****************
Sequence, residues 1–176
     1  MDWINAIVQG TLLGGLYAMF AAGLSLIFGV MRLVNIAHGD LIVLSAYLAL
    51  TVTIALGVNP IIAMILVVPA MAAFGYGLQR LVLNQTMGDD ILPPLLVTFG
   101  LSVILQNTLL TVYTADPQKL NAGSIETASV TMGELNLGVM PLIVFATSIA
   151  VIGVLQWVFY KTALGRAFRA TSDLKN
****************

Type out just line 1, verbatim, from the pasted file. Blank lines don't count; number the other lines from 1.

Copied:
Sequence, residues 1–176